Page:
A special meeting of the City Council has been announced for Thursday night to vote on a compromise minimum wage proposal for Berkeley.
Up to this point, voters were set to consider two competing minimum wage proposals this fall, one sponsored by labor advocates, and another supported by a Berkeley City Council majority. Both were set to appear on the November ballot.
According to a statement released shortly before 5 p.m. Wednesday, “Working collaboratively, an agreement that avoids dueling ballot measures on the minimum wage in Berkeley has been reached.”
Workers’ rights attorney and EBMUD Director Andy Katz, who sent out the statement and helped facilitate the compromise, said the Service Employees International Union, Local 1021, and Berkeley Councilman Laurie Capitelli had reached that agreement together.
Read past Berkeleyside coverage of the minimum wage.
A vote on the new language is expected to come Thursday, Aug. 11, at a 6 p.m. meeting of the City Council. If all goes according to plan, that will mean Berkeley will have new minimum wage language on the books after the vote takes place.
Katz said the SEIU’s measure will still appear on the ballot, because by law it cannot be removed. But he said the group plans to campaign against its own measure and will be releasing a statement to that extent shortly.
Council members who signed a petition in favor of the special meeting, according to the statement, included Capitelli, Jesse Arreguín and Kriss Worthington, all of whom have announced plans to run for mayor in November. Council members Lori Droste and Darryl Moore signed the petition, too.
“The Council will consider rescinding its previous action placing a minimum wage ballot measure on the November ballot, and will consider adopting a consensus ordinance at the special meeting on Thursday,” according to Katz.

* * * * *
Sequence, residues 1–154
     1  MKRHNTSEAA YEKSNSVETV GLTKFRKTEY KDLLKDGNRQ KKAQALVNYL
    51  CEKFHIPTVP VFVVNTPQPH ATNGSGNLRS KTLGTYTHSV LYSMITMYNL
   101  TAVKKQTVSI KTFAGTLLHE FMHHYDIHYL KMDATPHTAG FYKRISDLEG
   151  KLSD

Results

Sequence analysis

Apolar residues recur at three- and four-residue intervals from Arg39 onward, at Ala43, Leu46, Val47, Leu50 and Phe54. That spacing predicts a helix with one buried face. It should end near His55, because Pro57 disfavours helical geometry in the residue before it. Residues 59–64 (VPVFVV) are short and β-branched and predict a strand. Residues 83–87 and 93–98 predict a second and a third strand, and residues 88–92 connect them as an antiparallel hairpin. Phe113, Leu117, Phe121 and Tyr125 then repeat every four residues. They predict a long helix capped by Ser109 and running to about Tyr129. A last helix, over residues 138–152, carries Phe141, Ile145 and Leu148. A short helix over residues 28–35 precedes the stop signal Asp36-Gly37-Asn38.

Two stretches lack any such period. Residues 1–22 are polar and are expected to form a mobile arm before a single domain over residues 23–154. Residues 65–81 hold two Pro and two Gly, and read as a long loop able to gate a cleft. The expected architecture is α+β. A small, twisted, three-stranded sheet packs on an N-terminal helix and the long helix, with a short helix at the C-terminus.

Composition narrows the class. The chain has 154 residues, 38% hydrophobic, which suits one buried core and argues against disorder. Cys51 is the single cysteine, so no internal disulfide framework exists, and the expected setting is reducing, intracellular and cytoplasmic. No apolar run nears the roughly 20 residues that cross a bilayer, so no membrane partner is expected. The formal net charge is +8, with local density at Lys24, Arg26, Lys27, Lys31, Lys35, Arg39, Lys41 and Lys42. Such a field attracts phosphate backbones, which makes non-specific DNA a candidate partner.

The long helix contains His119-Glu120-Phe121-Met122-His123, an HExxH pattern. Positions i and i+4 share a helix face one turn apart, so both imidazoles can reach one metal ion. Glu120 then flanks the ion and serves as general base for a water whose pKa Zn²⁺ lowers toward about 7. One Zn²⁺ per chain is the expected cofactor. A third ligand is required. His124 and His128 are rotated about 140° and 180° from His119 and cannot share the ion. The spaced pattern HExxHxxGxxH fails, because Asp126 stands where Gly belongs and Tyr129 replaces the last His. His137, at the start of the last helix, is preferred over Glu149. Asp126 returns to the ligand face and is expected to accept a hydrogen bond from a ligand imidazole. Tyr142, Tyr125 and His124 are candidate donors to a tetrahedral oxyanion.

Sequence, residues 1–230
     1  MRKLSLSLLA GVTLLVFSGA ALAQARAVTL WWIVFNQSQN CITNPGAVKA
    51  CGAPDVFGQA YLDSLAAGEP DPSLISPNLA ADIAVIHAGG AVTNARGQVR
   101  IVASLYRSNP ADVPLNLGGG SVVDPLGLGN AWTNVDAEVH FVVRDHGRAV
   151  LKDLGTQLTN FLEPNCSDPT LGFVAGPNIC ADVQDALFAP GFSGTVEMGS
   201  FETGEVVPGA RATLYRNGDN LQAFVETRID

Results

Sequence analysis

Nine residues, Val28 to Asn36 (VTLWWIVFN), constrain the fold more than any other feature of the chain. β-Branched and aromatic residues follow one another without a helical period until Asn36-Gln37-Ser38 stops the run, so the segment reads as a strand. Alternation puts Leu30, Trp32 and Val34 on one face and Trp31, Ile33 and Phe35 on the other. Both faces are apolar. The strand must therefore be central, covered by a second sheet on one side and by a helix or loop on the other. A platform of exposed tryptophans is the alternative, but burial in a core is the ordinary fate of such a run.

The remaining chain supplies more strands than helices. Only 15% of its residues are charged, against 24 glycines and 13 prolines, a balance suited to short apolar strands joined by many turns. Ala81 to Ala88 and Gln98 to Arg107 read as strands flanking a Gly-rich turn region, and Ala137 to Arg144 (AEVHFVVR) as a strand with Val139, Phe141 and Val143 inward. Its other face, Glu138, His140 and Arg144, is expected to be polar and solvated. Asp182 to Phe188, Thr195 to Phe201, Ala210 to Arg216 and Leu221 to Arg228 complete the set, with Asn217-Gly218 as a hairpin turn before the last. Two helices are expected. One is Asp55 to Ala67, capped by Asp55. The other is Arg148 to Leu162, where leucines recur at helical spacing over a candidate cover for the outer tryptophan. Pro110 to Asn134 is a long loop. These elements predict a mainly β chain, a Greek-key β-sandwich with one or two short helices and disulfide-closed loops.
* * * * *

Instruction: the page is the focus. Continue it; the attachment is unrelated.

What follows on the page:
He said he held negotiations over several weeks after letting the council know at its June 14 meeting that the two sides should “work together to find common ground.”
As Berkeleyside reported in June, Katz told council: “I’m concerned about the ballot this November being confusing for voters.… Don’t have two measures on the ballot.”
From there, he said Wednesday, he was able to work with both campaigns to come to the agreement.
The community initiative aimed to get to a $15 minimum wage by 2017, while the council measure got to $15 by 2019. The exact language to be considered by council Thursday has not been posted online.
Katz said that language is still being vetted by the city attorney but should be available prior to Thursday night’s meeting.
According to the item as posted, council is set either to rescind the prior vote and approve new unspecified language for the ballot, or rescind the prior vote and actually approve new minimum wage language as part of the Berkeley municipal code. Katz said the vote is expected to result in the latter outcome.
According to a statement from Arreguín’s office, the new proposal will be a boon to Berkeley.
“Raising the minimum wage will help lift up working families who for too long have struggled to make ends meet,” he said. “Berkeley should be a leader in economic justice, but we have recently fallen behind other cities. This proposal will bring us back to the forefront and enable our communities and neighborhoods to remain diverse and prosperous.”
“I’m extremely concerned that council is revisiting this issue with 24 hours notice, limiting the ability of our members and other community stakeholders to participate in the process,” he said. “Moreover with the mayor and the vice mayor absent, it seems like a misguided process.”
According to the city, officials are also scheduled to consider a resolution to correct the ballot measure related to the business license tax on rental units. Only those two items are on the agenda.
(This story was updated shortly after publication to reflect new information.)
Berkeley Council approves alternative minimum wage measure for ballot (06.15.16)